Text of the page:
I've become a bit confused at the concept of a European(or Eurozone) Bond. I can't seem to understand if this is just a weighted average of all the EuroZone countries government bond yields or if this EuroZone Bond is an actual Bond that is issued separately by the ECB(or some other EU organization) with their own determined rates?

For example, when I search up European 2 Year Bond Yields, sometimes it will tell me "Euro area 2 Year Yield" or "EuroZone Central Govt 2Y Bond Yields" with a certain number( right now it's 3.32%) and other times it will just give me the separate Bond Yields of the different Euro countries like the 2Y German Bond Yield(3.043%) , 2Y French Bond Yield(3.25%), etc...

So what is this singular Bond Yield for the Entire EuroZone area? Is it the average of all EuroZone Govt Yields (Germany,France,Italy,Spain etc...) or not? Thanks

  • $\begingroup$ ecb.europa.eu/stats/financial_markets_and_interest_rates/… $\endgroup$
    – AKdemy
    Commented Aug 20, 2023 at 11:55
  • $\begingroup$ @AKdemy I read your link, however I'm still quite confused on what this Euro area bond means? On the one hand it says "The ECB estimates zero-coupon yield curves for the euro area and derives forward and par yield curves" on the other hand it says "Only bonds issued in euro by euro area central government (European System of Accounts 2010: sector code 'S.1311') are selected." . For me it logically makes sense that they're using a weighted average of all the Euro govt sovereign bond yields to give a single Euro Area Bond Yield but nowhere is it actually confirmed that that's what they do. $\endgroup$
    – Man Dem
    Commented Aug 20, 2023 at 20:13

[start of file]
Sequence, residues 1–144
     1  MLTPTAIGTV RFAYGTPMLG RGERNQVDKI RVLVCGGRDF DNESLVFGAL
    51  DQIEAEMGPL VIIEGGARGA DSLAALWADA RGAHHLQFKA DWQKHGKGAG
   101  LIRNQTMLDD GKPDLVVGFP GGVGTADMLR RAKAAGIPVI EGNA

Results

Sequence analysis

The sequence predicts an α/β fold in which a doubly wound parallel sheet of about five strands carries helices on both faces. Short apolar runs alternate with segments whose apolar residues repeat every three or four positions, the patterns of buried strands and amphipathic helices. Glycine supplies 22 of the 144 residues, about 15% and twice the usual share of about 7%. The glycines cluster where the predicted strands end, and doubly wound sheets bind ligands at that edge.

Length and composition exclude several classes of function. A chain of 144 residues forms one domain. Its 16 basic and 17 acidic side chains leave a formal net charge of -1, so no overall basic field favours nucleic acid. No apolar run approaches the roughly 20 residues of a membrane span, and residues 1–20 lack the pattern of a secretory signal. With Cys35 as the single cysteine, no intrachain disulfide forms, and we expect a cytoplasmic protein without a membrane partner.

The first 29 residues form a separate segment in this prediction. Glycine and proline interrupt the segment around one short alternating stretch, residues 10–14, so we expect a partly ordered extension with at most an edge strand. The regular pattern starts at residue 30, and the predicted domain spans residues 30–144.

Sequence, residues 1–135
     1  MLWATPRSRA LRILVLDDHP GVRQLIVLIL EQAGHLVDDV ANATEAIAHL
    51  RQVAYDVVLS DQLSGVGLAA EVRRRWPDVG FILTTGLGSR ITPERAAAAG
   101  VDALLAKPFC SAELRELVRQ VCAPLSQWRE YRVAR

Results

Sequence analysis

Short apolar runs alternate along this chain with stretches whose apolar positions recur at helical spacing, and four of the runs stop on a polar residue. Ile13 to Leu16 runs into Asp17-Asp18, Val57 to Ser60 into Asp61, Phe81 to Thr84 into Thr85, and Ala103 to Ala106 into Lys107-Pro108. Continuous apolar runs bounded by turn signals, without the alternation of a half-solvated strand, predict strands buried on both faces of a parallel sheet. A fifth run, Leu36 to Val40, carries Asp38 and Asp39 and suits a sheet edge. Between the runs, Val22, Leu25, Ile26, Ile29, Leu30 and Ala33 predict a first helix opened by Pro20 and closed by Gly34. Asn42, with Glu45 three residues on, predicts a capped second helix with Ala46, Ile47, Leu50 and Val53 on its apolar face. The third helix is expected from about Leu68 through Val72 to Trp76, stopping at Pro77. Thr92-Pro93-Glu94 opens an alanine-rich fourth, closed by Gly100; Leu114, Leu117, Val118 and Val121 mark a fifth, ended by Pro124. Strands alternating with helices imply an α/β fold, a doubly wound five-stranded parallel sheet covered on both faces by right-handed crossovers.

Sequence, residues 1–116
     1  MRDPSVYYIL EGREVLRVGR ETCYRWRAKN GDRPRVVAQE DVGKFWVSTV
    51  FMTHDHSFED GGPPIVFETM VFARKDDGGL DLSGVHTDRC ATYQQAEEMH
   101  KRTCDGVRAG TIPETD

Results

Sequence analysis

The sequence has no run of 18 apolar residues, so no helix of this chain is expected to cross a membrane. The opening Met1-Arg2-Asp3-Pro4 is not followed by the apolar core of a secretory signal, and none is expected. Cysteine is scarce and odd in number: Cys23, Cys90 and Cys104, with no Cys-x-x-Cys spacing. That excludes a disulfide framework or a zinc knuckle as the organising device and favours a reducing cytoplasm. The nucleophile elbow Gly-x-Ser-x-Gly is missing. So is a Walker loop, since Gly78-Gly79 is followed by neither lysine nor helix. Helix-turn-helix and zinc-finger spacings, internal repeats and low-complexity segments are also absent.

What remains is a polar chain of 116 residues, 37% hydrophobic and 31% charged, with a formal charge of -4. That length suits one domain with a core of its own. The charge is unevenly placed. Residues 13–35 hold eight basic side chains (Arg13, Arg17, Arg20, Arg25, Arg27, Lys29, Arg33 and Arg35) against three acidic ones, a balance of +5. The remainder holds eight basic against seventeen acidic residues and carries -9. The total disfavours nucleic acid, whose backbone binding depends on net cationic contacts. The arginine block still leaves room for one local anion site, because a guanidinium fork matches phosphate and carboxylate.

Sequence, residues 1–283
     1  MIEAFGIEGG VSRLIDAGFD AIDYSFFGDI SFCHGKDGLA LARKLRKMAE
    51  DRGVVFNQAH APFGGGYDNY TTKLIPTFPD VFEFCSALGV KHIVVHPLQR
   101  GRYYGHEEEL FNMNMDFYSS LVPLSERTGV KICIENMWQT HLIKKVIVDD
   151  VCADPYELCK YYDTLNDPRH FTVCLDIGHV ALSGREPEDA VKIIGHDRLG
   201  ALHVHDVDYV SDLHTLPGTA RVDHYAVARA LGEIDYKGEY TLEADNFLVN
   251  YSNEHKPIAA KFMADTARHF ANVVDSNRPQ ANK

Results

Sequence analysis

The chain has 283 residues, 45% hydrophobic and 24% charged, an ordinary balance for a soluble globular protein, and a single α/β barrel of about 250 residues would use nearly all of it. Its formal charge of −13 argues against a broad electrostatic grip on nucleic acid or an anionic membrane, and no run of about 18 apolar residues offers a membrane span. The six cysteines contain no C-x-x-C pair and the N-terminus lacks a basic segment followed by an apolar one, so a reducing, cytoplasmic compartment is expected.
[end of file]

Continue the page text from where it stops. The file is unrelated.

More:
1 Answer 1


The link in the comment contains all definitions and links and citations: see here.

A quick summary:

  • S.1311 refers to central government bonds; a distinct but sovereign political entity like France and the other member countries (no regional govies like Bavaria etc.).
  • only fixed rate bonds and zero coupon bonds are eligible (no variable rate bonds, no inflation linkers, no perpetuals)
  • residual maturity must fall between 3 months and 30 years
  • each individual bonds yield is computed using ISMA method, which is also called ICMA.
  • daycount follows each specific bond
  • The objective is to minimize the sum of the quadratic difference between the yields that can be computed from the curve and the yields actually measured
  • This is done using the so called Svenson model

In case you have access to Bloomberg, you can get a custom bond search on SRCH that fits the selection criteria. If you save the search, you can load it in CRV and create your own custom curve using Svenson's model, as well as several other methods.

For short, there is no such bond. It is a constructed curve.


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